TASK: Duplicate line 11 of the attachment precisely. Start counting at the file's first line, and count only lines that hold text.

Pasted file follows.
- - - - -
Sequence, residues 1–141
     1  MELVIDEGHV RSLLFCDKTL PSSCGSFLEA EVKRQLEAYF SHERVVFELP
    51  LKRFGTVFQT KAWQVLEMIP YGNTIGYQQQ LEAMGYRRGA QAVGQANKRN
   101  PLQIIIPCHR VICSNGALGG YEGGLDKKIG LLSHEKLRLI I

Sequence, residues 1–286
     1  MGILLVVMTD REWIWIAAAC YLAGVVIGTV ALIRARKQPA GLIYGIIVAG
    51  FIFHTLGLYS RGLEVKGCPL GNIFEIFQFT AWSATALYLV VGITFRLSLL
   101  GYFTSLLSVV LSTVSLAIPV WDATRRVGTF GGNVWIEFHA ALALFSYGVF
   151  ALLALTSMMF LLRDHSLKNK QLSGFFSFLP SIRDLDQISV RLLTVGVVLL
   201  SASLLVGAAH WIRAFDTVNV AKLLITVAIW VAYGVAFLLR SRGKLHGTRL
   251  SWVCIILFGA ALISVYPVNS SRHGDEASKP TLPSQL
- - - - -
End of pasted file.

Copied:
   251  SWVCIILFGA ALISVYPVNS SRHGDEASKP TLPSQL